I wouldn't be surprised if one of the industries you talk about is the rail industry, given the layered structure of safety systems we have in the UK. There could be some value in a system such as NIR-Online being implemented (an initial report that a safety affecting incident has occured is emailed out to subscribers, then a subsequent more detailed report is sent out once the details are fully known), or RAIB reports. There is little to be gained from a discussion where most, if not all, parties have only some of the facts, there is benefit to a system where an experienced individual with knowledge of the incident can consider the events which occurred.

Pan Ron - on 14 May 2018
In reply to spenser:

> There is little to be gained from a discussion where most, if not all, parties have only some of the facts, there is benefit to a system where an experienced individual with knowledge of the incident can consider the events which occurred.

That is true to a point. 

But in the absence of anything better, I think we can accept the limitations of free-flow forum discussion, acknowledge that anyone is free to vacate the conversation at any time should they not like it, and take accident discussions as useful catalysts for a wide-ranging discussion safety issues.

Refusing to have a half-way useful discussion because its not the ideal method is throwing the baby out with the bathwater.  As it stands I'd be afraid to post about any accident on UKC given the strength with which many people feel they should not be discussed at all - other than to post condolences.

Pursued by a bear - on 14 May 2018
In reply to Pan Ron:

> As it stands I'd be afraid to post about any accident on UKC given the strength with which many people feel they should not be discussed at all - other than to post condolences.

I'll reiterate what I understand to be the convention: you, anyone, can discuss whatever you wish about accidents, just start a new post about it rather than doing it on the post that reports the incident.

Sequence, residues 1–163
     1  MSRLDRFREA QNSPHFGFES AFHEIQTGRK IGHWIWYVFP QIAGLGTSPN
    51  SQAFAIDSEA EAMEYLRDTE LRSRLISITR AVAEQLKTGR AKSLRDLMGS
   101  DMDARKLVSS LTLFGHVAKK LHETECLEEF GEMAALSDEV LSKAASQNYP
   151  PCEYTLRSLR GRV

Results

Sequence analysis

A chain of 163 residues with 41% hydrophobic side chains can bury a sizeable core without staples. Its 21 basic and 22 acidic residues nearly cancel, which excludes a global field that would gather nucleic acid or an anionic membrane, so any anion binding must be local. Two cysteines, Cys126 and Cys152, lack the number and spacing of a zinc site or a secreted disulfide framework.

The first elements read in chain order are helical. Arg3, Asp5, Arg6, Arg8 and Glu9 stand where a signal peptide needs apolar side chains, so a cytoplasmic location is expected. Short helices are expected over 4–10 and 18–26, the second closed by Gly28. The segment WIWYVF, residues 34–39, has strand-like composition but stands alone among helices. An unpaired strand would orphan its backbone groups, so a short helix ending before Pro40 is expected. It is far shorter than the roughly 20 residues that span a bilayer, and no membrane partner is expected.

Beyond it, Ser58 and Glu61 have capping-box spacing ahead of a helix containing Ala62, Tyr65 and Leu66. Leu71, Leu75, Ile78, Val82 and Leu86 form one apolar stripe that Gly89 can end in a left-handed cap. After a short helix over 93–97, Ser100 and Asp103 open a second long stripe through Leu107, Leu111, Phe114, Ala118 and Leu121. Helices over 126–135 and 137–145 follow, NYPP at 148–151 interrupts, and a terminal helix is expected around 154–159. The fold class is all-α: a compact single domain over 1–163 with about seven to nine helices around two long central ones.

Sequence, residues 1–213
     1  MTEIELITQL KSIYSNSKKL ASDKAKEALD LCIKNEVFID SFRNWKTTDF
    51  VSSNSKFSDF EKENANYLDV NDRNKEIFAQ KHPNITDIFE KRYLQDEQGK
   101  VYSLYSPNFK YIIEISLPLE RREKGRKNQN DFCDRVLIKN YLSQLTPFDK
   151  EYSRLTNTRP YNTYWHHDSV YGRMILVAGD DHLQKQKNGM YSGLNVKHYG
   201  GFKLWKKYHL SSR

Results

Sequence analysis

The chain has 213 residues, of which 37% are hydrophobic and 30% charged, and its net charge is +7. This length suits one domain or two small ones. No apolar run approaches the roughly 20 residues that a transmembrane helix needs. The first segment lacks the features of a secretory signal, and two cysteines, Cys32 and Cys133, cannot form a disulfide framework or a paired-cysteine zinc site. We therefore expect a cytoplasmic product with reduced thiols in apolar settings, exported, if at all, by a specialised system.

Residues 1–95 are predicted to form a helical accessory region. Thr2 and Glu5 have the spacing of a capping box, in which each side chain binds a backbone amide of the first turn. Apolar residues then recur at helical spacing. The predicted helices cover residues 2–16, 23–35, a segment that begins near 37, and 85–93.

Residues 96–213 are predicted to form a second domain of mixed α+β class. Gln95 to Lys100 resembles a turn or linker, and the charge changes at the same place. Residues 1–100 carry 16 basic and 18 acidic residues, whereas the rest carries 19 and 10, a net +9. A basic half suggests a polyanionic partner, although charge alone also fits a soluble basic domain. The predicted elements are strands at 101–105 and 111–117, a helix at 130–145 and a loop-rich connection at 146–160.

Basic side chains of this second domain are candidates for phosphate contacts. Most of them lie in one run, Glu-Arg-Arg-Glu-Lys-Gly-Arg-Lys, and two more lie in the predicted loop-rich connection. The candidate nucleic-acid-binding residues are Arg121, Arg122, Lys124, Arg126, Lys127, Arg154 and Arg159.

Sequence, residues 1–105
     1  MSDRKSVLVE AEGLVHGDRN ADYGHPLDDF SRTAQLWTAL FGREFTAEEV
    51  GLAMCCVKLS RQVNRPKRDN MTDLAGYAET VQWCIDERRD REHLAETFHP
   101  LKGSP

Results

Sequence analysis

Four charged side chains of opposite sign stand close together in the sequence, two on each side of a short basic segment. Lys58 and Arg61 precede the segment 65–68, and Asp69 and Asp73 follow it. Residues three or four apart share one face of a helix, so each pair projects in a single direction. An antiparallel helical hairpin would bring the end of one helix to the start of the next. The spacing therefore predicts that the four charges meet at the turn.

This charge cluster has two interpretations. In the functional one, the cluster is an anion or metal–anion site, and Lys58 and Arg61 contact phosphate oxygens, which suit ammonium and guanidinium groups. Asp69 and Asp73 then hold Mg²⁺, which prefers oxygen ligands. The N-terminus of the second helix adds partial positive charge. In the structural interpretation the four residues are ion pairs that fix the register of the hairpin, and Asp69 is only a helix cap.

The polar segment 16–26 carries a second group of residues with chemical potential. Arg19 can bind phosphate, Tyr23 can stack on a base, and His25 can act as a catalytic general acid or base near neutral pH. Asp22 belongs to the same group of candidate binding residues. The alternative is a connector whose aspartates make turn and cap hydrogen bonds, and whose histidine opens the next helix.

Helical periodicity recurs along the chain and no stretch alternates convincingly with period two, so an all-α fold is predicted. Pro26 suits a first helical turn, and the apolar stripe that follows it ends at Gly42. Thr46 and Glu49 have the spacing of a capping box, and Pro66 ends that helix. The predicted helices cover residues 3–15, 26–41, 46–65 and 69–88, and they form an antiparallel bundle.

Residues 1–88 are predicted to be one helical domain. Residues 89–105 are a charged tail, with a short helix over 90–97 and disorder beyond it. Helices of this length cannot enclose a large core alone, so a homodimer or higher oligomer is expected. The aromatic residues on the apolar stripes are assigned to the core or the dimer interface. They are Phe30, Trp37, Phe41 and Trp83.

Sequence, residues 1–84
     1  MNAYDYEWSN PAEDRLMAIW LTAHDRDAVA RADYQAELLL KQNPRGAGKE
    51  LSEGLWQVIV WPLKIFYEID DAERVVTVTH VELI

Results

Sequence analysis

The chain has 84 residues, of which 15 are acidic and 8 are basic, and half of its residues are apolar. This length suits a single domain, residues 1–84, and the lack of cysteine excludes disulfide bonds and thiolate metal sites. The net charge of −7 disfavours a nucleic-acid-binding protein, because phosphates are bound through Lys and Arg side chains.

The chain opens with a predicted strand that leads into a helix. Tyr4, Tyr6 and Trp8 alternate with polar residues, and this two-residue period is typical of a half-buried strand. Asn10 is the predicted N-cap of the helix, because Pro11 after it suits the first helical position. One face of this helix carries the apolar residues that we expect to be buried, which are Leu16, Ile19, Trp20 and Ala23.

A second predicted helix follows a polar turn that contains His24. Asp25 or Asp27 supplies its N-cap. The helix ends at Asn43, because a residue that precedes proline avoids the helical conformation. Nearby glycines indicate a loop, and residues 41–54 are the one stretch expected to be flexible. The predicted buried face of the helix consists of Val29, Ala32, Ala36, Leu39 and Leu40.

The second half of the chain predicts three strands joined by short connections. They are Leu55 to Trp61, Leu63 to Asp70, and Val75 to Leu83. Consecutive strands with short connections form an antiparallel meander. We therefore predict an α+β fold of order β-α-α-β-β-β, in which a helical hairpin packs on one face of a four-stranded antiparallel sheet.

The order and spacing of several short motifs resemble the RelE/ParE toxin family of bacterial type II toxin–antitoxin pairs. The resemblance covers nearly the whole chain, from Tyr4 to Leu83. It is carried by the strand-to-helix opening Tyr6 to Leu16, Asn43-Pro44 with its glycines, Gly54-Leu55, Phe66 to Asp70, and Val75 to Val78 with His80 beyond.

Your understanding of the convention is different. It would be worth resolving these differences so that everyone knows what's what.  

T.

 

1
Pan Ron - on 14 May 2018
In reply to Pursued by a bear:

I might be confused, but isn't this thread exactly where the discussion should take place?  The OP started a post about the accident, asking what happened.

This doesn't appear to be a condolences thread (even now it's not even clear if someone was injured or if an accident even happened) as far as I can tell. 

Are you saying that the details cannot be discussed here?  Another thread needs to be started additional to this one, and only there can the question posed by the OP be answered?    

If so, and maybe I'm insensitive, isn't that a bit pointless?  I know its a minor thing, but its exactly the kind of unspoken rule (one if breached is likely to result in much online opprobrium) that just makes discussion unlikely.  I'd certainly be unclear on which thread I'm allowed to discuss what on - does that apply only to fatalities, is it dependent on the severity of injury, etc.

I get that some people are very sensitive to this.  But surely they can just stay away from the discussion altogether if so?  Far easier to just let folks discuss.

 

Dave the Rave on 14 May 2018
CurlyStevo - on 14 May 2018
In reply to spenser:

I think wrt to winter it’s more appropriate as the mentality of we got away with something that seemed only moderately dodgey 90% of the time and then got caught out is far more of a learning experience. Summer the risks are more obvious in the main or relatively unavoidable and or unpredictable in a more linear understandable way.

Whilst diving maybe goes too far the other way it is a fault of the climbing community that In general we do too little to learn from past mistakes imo ofc etc....